What Is a ‘Dark Grocery Store’ and How Does It Work?

Portside Date:
Author: Chase Shustack
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The Daily Meal

Here's a bit of an experiment for you. Go to your local grocery store, walk around for a little bit, then drive to the grocery store the next town over and do the same thing. Do you notice anything different? Sure, the layout of the stores may not be exactly the same, but aside from that, are there any fundamental, noticeable differences? They have the same aisles of similar products, the same long lines of shoppers, the same squeaky grocery carts, and even the same music playing over the speakers. All these little things make a grocery store feel like just that: a grocery store.

Is it possible to run a grocery store without any customers? Without the shopping carts or sales displays? Without any clerks or shelf-stockers? According to Forbes, such a thing is possible and seems to be gathering momentum. This type of place is known as a "dark store," which exists solely for delivery purposes. There are no customers to shop the aisles, and there are no checkout lines since every transaction occurs digitally. Think of it less like an ordinary grocery store and more as a shipping center hidden under the façade of a grocery store. Some of these dark stores, suggests Locus Robotics, may even be partially automated, cutting out a good number of the average grocery store employee pool.

But how can a dark store operate? What makes such an operation tick?

In 2022, Mara Weintraub of The Kitchn did an in-depth look at the operations of Gorillas, an online grocery delivery company in New York. Weintraub's main goal was to discover how the company could manage such quick delivery times, as her order had been delivered just under 10 minutes after she placed it.

Weintraub discovered that the grocery store of Gorillas is actually very small, roughly 3,000 square feet. The interior is more or less industrial, with products on metal shelving in a very particular way — such as cans of chickpeas next to pasta and condensed milk, something credited to helping delivery drivers (called "riders") to cut down on shopping time. These riders also use a special scanning tool that tells them what kind of product to grab and alerts them if it's the wrong product, which helps ensure accuracy. The Gorillas company serves only small pockets of New York (Weintraub claims the area of this location has a 1.5-mile radius in her Brooklyn neighborhood), so the small area allows for drivers to quickly deliver the order right across town rather than hop on the expressway to deliver it.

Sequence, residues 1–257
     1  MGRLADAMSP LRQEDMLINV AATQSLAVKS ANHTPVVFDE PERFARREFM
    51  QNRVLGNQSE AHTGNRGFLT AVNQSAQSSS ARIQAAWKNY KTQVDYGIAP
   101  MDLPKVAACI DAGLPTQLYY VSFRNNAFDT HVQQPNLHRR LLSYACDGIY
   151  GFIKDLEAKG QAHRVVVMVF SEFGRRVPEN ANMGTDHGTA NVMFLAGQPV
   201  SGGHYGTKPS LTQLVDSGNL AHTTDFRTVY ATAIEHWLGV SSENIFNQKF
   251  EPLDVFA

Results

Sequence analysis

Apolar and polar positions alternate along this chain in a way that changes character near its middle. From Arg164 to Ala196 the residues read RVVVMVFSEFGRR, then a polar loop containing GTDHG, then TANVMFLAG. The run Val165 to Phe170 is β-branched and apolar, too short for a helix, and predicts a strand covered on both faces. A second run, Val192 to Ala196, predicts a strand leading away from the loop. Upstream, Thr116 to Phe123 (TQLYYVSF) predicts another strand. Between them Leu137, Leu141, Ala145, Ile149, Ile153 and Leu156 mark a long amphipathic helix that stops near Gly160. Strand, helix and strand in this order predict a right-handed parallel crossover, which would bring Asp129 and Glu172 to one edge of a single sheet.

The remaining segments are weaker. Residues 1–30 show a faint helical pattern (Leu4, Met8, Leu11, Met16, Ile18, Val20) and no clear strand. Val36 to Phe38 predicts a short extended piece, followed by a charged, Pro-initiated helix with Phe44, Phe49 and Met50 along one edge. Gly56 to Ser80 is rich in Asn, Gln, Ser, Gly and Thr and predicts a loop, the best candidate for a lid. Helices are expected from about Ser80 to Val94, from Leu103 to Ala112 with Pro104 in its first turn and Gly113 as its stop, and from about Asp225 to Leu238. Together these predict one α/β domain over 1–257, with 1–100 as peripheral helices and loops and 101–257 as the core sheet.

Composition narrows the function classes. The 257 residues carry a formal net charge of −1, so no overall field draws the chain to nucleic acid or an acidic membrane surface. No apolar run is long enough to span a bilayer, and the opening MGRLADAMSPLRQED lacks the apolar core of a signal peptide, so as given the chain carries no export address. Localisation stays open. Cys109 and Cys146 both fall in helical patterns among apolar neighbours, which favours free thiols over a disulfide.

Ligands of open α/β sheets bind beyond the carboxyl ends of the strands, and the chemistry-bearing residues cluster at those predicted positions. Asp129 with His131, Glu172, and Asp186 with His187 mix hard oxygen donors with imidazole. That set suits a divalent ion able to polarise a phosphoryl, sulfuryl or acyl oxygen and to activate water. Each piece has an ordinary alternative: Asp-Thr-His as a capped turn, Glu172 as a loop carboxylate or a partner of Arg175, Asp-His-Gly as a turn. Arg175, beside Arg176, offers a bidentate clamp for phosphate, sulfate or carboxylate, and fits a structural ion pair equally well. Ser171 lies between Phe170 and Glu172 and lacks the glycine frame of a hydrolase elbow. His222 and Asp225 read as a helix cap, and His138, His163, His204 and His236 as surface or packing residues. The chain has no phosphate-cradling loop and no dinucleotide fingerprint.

Peerless-Assigns explains that the use of no-frills stocking, a focus on supplying goods rather than making room for the customer, and innovative technologies like automated delivery mechanisms help to give dark stores an edge over the usually crowded and compartmentalized grocery stores.

While ordering groceries and getting them in just ten minutes sounds convenient, some worry that this futuristic type of grocery shopping may not bode well for all of us.

According to The Guardian, some have shown a bit of apprehension about the idea of dark stores in general, as they believe it will negatively affect communities and those who live in them. Some, such as Shelly Steward of Aspen Institute's Future of Work Initiative, are concerned that grocery employees in these stores may be mistreated or seen as "... just another expense on a spreadsheet," as these types of stores seek efficiency and profit above all else. Others believe that these dark stores may drive out local small businesses, as they would be unable to compete with the low costs the dark store can offer.

Food Logistics also notes that the advent of dark stores showcases that supermarkets must begin to focus more on online sales rather than brick-and-mortar transactions. If a store cannot offer delivery or online services, dark stores may be seen as a more acceptable alternative. A small business may find itself cutting down to try and match the speed and cheapness of a dark store, which in turn may make the business lose even more customers.

Whether one is for or against dark stores, they mark a new era in how we shop for groceries.

Source URL: https://portside.org/2023-02-20/what-dark-grocery-store-and-how-does-it-work